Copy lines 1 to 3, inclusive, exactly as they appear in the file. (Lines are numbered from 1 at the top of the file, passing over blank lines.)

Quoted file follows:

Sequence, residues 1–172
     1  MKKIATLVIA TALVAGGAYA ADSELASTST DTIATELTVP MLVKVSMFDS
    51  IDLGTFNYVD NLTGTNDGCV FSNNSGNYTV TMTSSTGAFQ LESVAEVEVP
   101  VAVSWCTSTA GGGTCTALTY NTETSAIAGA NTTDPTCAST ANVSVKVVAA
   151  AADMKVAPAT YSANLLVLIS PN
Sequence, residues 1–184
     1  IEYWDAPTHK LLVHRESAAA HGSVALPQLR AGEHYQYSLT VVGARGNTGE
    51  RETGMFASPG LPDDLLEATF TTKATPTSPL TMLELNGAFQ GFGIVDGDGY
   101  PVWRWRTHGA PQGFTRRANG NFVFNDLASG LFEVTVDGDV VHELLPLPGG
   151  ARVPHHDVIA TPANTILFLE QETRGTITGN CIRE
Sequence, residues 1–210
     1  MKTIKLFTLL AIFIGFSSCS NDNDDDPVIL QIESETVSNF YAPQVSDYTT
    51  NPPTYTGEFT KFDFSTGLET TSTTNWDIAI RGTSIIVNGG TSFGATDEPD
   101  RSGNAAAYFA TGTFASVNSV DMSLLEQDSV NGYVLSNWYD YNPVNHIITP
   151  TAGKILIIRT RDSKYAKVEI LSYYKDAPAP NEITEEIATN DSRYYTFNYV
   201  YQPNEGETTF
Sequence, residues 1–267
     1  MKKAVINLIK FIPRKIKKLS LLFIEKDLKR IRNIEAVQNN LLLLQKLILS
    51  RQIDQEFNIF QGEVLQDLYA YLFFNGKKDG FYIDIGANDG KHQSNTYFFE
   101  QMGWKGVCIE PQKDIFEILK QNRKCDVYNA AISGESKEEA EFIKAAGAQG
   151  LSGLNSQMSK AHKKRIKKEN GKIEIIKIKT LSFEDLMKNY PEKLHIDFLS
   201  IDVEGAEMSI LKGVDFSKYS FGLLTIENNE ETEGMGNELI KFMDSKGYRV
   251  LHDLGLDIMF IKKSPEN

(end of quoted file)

Sequence, residues 1–172
     1  MKKIATLVIA TALVAGGAYA ADSELASTST DTIATELTVP MLVKVSMFDS
    51  IDLGTFNYVD NLTGTNDGCV FSNNSGNYTV TMTSSTGAFQ LESVAEVEVP